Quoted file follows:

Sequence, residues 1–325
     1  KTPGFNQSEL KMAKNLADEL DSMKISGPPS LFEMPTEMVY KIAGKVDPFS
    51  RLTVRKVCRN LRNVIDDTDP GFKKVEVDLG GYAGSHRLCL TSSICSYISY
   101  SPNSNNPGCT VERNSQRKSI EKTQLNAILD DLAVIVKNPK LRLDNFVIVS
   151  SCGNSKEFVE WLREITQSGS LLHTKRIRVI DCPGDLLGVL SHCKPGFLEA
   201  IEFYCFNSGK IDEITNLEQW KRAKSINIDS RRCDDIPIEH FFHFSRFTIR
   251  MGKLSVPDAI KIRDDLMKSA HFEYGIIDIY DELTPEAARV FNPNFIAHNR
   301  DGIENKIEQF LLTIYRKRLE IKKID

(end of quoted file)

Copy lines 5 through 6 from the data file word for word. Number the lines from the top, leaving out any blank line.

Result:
   151  SCGNSKEFVE WLREITQSGS LLHTKRIRVI DCPGDLLGVL SHCKPGFLEA
   201  IEFYCFNSGK IDEITNLEQW KRAKSINIDS RRCDDIPIEH FFHFSRFTIR